When your dog or cat starts to get older, you might think about adding a new pet to the family. Unfortunately, not all pets react well to the new addition. There is about a 50/50 chance that your older pet will welcome the new pet with open paws, but it is also possible that he could become stressed or resentful.
Things to Think About Before Adding a Pet
Whether or not your senior dog or cat responds well to the addition of a new pet in the family depends on a number of factors. Certain breeds of dog and cat simply do not get along well with other animals. It may also be the case that he is used to being the only pet in the household and it might take some getting used to if he suddenly has to make room for another pet. Before you add a new pet to the family, keep the following tips in mind:
Consider what’s best for your pet: When your dog or cat starts to get up in years, he may become less active, preferring to nap in peace rather than running around the house. Certain pets might interrupt your senior pet’s naptime or cause more stress than good. Think about the needs of your senior pet before you add another pet to the family.
Think about a dog for an older cat: If you have a senior cat, adding a dog to the family might be a better option than adding another cat. Senior cats are often unaccepting of new cats, especially if they are used to being the only pet in the household.
Choose a pet that has the best chances of getting along: When you are thinking about a new pet, choose one that will have a good chance of getting along with your existing pets. For example, if you have a senior dog you should try to avoid getting a second dog that will grow larger than the senior dog. You should also think about getting a new pet of the opposite sex to minimize problems.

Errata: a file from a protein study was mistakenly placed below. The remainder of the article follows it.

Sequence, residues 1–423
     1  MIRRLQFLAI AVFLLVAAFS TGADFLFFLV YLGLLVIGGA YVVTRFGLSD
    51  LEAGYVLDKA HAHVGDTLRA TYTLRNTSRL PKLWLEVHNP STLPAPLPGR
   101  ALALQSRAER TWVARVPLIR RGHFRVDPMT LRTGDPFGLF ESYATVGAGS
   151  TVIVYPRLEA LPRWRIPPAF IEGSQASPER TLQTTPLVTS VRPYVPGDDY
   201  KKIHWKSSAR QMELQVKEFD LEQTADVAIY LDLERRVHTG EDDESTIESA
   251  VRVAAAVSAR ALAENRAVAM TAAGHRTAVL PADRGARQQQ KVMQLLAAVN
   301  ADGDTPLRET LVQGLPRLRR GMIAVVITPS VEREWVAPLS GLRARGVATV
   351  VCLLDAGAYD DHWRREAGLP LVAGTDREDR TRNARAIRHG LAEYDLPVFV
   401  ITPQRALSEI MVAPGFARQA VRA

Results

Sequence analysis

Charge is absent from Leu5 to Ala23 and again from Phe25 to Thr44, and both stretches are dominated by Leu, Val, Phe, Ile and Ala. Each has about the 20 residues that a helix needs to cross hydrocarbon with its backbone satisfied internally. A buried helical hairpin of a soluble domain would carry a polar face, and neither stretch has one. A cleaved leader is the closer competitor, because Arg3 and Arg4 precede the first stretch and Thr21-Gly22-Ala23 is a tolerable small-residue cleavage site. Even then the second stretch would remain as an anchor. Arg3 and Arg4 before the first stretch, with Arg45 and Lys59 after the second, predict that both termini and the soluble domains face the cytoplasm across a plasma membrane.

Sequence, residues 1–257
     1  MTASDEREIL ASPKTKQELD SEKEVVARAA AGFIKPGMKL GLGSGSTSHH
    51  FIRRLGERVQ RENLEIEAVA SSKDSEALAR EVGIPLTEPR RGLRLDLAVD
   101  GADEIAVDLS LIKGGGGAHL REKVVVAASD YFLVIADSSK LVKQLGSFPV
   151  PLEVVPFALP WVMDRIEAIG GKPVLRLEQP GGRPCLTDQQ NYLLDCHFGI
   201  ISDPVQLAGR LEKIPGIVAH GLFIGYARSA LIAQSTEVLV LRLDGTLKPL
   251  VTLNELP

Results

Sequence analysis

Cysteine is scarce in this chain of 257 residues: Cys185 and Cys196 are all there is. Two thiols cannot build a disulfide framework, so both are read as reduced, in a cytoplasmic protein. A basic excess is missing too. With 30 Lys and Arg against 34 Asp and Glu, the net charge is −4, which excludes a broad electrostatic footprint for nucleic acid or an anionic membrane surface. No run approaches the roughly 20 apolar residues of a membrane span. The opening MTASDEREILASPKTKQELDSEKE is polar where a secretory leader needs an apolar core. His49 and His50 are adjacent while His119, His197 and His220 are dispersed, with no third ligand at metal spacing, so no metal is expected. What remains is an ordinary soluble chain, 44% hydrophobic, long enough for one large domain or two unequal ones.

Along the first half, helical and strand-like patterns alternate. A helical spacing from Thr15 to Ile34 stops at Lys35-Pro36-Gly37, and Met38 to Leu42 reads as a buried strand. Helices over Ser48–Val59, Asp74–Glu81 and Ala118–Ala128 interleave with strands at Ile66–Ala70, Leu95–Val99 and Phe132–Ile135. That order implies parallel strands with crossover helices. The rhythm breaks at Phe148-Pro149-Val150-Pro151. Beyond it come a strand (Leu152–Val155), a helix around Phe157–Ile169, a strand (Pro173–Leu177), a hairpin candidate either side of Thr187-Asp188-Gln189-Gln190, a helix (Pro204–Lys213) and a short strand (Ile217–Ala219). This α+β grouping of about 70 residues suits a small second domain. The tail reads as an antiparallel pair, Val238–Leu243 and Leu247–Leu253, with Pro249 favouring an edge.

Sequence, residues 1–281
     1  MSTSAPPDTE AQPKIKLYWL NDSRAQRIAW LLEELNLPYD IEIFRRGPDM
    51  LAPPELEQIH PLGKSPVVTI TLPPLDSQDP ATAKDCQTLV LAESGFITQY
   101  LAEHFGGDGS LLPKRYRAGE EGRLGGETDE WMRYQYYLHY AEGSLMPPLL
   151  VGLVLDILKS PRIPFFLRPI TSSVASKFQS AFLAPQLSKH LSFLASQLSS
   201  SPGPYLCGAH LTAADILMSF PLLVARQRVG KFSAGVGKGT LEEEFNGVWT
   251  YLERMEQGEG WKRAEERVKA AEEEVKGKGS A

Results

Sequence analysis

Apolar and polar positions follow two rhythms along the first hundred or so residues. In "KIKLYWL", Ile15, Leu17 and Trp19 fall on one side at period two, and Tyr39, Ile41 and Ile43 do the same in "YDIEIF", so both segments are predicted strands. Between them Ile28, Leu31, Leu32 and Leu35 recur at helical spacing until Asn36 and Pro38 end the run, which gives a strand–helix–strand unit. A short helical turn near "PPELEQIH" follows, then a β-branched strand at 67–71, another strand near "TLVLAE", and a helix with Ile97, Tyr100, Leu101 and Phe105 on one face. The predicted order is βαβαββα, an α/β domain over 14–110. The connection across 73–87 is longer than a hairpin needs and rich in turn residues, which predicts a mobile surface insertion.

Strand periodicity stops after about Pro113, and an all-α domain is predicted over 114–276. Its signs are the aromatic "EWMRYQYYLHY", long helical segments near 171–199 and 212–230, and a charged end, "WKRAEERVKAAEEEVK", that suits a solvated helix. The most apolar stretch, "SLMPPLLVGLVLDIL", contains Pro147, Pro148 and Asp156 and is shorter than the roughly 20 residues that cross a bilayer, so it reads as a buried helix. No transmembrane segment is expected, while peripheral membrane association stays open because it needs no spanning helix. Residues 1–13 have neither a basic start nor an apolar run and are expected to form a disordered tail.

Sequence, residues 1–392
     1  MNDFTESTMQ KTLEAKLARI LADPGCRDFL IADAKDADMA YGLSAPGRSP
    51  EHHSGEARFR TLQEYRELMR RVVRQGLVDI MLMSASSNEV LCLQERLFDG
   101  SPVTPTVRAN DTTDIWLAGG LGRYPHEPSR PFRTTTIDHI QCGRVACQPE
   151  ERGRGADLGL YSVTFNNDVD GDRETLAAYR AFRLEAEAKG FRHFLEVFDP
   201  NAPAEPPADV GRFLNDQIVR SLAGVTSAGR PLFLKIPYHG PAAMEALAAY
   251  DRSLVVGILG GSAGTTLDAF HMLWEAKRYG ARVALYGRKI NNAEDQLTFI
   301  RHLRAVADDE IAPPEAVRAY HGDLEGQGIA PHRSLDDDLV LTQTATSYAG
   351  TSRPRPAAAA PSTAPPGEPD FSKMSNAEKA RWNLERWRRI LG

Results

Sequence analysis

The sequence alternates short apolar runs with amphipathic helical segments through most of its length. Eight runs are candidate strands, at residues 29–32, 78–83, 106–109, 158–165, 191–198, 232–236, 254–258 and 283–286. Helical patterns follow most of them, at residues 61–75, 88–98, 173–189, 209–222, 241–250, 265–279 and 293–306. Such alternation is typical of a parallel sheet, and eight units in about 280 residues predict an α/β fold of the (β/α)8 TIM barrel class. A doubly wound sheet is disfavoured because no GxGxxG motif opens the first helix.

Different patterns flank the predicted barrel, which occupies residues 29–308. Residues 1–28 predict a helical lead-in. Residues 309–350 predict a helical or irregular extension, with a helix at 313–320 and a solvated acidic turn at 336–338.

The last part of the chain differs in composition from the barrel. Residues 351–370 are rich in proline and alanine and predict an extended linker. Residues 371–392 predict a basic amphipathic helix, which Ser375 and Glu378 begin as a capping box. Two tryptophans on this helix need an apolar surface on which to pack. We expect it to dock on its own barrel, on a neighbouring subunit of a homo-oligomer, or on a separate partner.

Be careful with your introductions: When it is time to introduce your new pet, be very careful – this is especially important if you are adding a dog to a cat-only household. Make the introductions on your cat’s terms, keeping the dog restrained while the cat has the option to escape.
Prepare a room for new kittens or cats: Dogs are often more willing to accept new pets than cats, but it is still important to make sure that your new pet feels safe. Set up a room for your new furry friend where he can rest and be alone as he settles in. Let him get acquainted with your senior pet on his own timetable.
Keep your pets’ possessions separated: Many of the problems that occur between old and new pets have to do with territorial feelings or resource guarding. To prevent problems, make sure both pets have their own food bowls, beds, and toys.
Feed your pets separately: To prevent fights over food or the development of resource guarding behavior, feed your senior pet and your new pet separately. You should also have several water bowls around the house.
Don’t neglect your senior pet: When you bring home a new pet, it is easy to get caught up in the excitement and your senior pet might start to feel left out. Make sure you give your senior pet plenty of love and affection.
Adding a new pet to the household when you already have a senior pet can be tricky. By following the tips listed above you can make the transition smooth and problem-free for all your four-legged companions.
Content reviewed by a veterinarian.